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Building Resilience In The Sahel


Maryam Sy comforts her 2-year-old son Aliou Seyni Diallo, the youngest of nine, after a neighbor gave him dry couscous to stop him from crying with hunger. (file)

USAID is committing more than $130 million to build resilience in NIger and Burkina Faso over the first two years of this initiative.

The south-western edge of the Sahara Desert, which includes parts of Mauritania, Mali, Burkina Faso, Niger and Chad, is known as the Sahel, an Arabic word for Edge of the Desert. It is an arid, exceptionally fragile ecosystem that, even in a good year, is hard-pressed to produce enough food to support its population. The Sahel suffered food insecurity crises that affected millions of people in 2005, 2009, 2010 and 2012. It is a never-ending cycle in the region which cannot be prevented, but can be mitigated.


“With high rates of child malnutrition under even the best of circumstances, one poor harvest can push millions into severe risk. And we know that when shocks hit—droughts, floods, locusts—it is inevitably the most vulnerable populations that are the hardest hit, often without the chance to recover before new shocks strike,” said United States Agency for International Development, or USAID Assistant Administrator Nancy Lindborg, at the launch of the United Nations Humanitarian Response Plan in early February.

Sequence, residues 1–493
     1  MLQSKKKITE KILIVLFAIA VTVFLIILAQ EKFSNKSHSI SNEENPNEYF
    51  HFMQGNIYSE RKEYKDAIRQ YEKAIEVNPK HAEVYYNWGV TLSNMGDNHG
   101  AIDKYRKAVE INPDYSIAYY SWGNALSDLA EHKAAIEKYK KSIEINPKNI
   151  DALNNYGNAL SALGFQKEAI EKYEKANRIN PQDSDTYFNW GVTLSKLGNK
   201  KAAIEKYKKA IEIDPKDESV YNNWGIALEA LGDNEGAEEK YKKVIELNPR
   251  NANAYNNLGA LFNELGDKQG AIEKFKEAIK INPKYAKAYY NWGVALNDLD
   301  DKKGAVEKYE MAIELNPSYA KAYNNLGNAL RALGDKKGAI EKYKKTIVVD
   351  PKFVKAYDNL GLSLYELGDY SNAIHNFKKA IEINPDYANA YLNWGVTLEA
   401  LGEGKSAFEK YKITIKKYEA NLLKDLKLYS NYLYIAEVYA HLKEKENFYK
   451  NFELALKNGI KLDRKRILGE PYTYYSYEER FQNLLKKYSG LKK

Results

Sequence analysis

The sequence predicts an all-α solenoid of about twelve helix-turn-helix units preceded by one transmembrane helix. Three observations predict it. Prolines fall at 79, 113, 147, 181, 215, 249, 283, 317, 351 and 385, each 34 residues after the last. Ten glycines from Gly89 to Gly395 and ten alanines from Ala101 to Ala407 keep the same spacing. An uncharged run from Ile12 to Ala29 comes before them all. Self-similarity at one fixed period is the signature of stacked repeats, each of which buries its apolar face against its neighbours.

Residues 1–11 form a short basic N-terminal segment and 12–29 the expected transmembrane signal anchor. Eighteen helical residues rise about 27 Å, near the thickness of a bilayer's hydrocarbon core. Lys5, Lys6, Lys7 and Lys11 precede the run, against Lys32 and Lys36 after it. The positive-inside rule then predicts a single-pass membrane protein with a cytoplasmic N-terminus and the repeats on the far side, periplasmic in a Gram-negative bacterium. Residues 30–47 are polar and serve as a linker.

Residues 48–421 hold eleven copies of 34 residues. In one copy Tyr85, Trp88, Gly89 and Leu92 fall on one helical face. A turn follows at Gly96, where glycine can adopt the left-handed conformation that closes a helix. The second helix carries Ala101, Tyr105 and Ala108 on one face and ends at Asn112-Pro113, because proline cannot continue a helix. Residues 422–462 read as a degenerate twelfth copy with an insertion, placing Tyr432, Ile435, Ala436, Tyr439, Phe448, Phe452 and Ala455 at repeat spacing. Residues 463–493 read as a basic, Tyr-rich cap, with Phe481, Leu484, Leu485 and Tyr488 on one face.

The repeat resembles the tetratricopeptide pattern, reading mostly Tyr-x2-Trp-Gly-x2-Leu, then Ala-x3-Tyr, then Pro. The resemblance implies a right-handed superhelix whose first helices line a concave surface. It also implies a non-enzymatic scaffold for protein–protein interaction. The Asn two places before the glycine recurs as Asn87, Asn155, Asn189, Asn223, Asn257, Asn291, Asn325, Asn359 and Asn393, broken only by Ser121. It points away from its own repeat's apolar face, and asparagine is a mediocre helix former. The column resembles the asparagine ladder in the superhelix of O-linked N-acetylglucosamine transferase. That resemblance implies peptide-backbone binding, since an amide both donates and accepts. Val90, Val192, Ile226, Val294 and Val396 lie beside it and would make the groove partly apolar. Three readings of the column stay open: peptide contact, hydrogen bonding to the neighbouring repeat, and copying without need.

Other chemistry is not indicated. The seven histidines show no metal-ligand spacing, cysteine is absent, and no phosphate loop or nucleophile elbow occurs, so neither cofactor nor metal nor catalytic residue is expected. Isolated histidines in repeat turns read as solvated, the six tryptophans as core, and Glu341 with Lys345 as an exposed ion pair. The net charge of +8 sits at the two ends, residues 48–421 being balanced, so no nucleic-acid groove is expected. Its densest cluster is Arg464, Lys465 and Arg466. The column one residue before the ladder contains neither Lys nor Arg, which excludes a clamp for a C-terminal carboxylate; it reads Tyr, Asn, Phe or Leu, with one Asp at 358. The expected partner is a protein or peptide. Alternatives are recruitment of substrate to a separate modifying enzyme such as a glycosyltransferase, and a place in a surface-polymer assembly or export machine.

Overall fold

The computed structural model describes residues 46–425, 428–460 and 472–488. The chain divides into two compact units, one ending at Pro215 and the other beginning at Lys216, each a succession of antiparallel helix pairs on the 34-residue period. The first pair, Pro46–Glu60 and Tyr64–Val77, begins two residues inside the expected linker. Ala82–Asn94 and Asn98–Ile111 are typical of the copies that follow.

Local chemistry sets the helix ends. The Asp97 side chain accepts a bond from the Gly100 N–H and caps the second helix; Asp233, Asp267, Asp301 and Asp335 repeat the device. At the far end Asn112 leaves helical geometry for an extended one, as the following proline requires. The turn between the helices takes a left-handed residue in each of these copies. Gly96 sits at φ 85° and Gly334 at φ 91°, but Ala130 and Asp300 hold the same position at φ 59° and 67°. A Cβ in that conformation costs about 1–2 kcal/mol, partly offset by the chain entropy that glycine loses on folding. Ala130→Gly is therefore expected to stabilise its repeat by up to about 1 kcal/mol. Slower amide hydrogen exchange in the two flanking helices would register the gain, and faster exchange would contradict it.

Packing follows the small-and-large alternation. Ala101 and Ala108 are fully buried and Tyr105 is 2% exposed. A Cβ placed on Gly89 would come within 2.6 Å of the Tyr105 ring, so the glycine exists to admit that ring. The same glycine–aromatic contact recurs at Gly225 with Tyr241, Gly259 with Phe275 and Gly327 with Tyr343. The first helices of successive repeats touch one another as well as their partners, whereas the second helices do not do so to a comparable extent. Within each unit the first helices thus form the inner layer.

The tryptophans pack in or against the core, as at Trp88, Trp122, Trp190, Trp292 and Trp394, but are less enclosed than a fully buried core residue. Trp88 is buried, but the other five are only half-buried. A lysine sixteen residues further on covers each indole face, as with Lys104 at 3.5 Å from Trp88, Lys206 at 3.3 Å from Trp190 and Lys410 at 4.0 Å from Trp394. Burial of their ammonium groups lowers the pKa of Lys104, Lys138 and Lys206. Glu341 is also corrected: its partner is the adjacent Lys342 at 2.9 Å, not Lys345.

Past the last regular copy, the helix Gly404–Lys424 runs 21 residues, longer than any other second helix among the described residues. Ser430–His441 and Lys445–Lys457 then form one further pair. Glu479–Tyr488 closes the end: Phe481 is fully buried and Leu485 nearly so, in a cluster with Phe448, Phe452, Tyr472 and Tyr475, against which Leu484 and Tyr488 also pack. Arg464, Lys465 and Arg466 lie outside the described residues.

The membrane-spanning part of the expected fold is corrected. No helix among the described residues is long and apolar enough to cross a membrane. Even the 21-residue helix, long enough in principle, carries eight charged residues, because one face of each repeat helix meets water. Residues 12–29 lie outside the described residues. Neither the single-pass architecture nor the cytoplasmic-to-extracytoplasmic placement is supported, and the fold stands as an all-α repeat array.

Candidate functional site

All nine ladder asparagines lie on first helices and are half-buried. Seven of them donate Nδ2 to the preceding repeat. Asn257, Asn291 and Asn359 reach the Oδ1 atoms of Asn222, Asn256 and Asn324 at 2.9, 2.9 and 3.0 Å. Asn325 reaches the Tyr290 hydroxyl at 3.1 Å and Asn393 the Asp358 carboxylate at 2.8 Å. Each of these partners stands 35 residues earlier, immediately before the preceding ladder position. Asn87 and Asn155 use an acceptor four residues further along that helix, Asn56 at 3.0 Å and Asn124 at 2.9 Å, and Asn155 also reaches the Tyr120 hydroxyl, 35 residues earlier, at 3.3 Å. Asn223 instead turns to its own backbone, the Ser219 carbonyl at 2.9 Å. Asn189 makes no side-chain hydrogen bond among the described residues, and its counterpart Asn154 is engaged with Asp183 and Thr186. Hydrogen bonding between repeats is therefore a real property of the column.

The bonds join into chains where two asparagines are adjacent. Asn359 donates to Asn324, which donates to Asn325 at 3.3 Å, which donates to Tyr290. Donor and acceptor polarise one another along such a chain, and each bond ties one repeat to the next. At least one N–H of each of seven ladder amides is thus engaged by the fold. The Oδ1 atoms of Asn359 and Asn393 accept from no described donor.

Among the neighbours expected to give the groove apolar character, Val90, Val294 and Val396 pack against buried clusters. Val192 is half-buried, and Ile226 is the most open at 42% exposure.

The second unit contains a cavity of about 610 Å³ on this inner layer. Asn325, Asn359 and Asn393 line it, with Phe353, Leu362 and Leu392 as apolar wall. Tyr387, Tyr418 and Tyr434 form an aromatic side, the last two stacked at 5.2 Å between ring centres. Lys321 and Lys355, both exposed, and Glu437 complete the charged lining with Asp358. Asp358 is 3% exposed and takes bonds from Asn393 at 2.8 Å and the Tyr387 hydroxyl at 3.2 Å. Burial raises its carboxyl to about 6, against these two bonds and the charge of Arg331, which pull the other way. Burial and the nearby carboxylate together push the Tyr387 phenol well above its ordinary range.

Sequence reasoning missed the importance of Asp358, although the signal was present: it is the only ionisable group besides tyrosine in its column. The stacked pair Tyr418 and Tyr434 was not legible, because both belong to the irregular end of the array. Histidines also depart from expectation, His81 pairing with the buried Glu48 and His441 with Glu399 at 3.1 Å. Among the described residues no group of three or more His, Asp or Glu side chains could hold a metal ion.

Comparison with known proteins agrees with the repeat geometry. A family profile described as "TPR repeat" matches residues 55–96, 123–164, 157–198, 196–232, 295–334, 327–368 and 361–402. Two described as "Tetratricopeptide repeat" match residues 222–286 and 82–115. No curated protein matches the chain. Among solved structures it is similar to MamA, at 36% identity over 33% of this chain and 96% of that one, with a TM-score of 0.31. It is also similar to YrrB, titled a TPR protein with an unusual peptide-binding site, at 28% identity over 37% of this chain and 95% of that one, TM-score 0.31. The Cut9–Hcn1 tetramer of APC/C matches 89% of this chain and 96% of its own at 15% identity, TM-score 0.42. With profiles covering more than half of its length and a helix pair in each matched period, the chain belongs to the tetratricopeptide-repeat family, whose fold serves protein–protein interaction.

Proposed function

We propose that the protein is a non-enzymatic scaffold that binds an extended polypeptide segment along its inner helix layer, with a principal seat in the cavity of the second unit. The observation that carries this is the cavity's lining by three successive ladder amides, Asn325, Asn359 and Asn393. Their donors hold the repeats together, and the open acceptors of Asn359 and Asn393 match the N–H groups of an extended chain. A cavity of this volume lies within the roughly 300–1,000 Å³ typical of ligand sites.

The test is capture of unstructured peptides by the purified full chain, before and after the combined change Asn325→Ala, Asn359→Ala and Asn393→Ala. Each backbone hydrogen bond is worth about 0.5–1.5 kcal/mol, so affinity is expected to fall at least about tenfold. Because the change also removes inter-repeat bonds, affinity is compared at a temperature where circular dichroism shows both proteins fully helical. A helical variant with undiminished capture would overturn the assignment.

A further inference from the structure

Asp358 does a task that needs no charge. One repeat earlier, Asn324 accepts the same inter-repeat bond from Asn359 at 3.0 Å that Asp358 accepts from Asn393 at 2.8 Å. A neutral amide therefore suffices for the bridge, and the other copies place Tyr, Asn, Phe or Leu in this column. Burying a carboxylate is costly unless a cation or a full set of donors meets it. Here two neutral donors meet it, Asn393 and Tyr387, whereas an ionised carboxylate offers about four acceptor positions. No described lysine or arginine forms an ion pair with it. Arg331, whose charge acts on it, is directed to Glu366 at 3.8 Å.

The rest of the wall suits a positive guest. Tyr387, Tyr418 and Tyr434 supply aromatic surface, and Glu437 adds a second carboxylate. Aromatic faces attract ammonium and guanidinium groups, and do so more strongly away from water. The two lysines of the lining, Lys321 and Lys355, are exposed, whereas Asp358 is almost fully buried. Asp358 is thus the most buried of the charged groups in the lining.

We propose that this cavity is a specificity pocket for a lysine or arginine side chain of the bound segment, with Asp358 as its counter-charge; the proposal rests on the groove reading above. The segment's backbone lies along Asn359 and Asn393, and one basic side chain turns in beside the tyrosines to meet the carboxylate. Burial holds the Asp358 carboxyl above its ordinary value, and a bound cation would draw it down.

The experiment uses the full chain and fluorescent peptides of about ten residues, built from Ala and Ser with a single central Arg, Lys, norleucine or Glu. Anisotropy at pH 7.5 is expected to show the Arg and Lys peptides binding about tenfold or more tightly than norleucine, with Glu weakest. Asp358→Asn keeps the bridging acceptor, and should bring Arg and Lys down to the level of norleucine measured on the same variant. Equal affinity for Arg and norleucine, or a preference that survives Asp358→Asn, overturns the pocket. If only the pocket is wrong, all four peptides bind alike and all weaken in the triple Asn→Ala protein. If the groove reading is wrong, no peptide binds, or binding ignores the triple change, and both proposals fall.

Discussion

To coincide with this occasion, the United States, through USAID, initiated a new program, “Resilience in the Sahel Enhanced,” or RISE, a five-year effort to build resilience in targeted zones in Niger and Burkina Faso. USAID is committing more than $130 million over the first two years of this initiative.

According to Assistant Administrator Lindborg, the program will help some 1.9 million of the most vulnerable people in those areas a chance to break the cycle of crisis, to escape chronic poverty—and to lessen their need for humanitarian assistance in the future.

At the same time, USAID is committing an additional $85 million in humanitarian assistance to meet acute food insecurity in Mali, Niger, and Chad.

“In the Sahel, with the population anticipated to double by 2050, the challenges become ever greater; the stakes are high and time is not on our side,” said Assistant Administrator Lindborg.

“Both meeting [the] needs [of these populations] and working together to lessen that need at its core are vital elements of any strategy to ensure greater food security and to realizing President Obama’s goal—and our shared global commitment to—end extreme poverty by 2030.”
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